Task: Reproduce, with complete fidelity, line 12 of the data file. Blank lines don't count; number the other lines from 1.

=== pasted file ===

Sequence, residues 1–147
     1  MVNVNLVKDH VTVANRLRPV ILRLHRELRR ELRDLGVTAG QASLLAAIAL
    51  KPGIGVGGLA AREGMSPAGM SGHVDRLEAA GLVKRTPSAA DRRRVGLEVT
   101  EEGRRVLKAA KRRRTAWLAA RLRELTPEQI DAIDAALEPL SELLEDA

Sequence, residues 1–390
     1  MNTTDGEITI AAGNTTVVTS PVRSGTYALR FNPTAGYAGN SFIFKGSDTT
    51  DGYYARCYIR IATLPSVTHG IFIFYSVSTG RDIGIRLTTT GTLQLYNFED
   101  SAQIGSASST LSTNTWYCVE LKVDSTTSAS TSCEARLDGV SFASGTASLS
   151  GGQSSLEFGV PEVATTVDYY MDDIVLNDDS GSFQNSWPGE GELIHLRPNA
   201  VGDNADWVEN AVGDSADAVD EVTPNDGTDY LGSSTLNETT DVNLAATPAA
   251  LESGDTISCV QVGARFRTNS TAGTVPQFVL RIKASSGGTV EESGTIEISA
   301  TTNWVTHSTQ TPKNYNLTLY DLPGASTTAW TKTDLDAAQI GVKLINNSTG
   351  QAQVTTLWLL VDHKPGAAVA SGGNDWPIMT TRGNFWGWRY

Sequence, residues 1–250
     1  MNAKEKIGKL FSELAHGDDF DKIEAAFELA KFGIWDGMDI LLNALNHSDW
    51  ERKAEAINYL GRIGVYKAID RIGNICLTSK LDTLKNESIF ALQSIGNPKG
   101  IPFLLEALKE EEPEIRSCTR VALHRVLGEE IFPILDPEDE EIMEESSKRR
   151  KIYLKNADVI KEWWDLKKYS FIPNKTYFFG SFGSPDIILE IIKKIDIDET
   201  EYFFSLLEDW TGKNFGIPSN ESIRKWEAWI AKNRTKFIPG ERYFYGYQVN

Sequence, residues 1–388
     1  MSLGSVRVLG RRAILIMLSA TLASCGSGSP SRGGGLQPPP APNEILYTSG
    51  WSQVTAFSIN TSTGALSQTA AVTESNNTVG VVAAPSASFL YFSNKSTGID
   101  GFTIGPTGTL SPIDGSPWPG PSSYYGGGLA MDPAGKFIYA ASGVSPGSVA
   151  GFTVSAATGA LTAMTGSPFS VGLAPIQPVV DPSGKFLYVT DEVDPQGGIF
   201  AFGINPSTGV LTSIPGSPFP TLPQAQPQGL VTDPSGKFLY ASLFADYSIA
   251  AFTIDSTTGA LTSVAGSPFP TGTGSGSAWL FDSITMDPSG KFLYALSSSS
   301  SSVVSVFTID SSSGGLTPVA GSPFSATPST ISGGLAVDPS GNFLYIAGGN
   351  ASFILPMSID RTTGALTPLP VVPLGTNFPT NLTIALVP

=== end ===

   301  TTNWVTHSTQ TPKNYNLTLY DLPGASTTAW TKTDLDAAQI GVKLINNSTG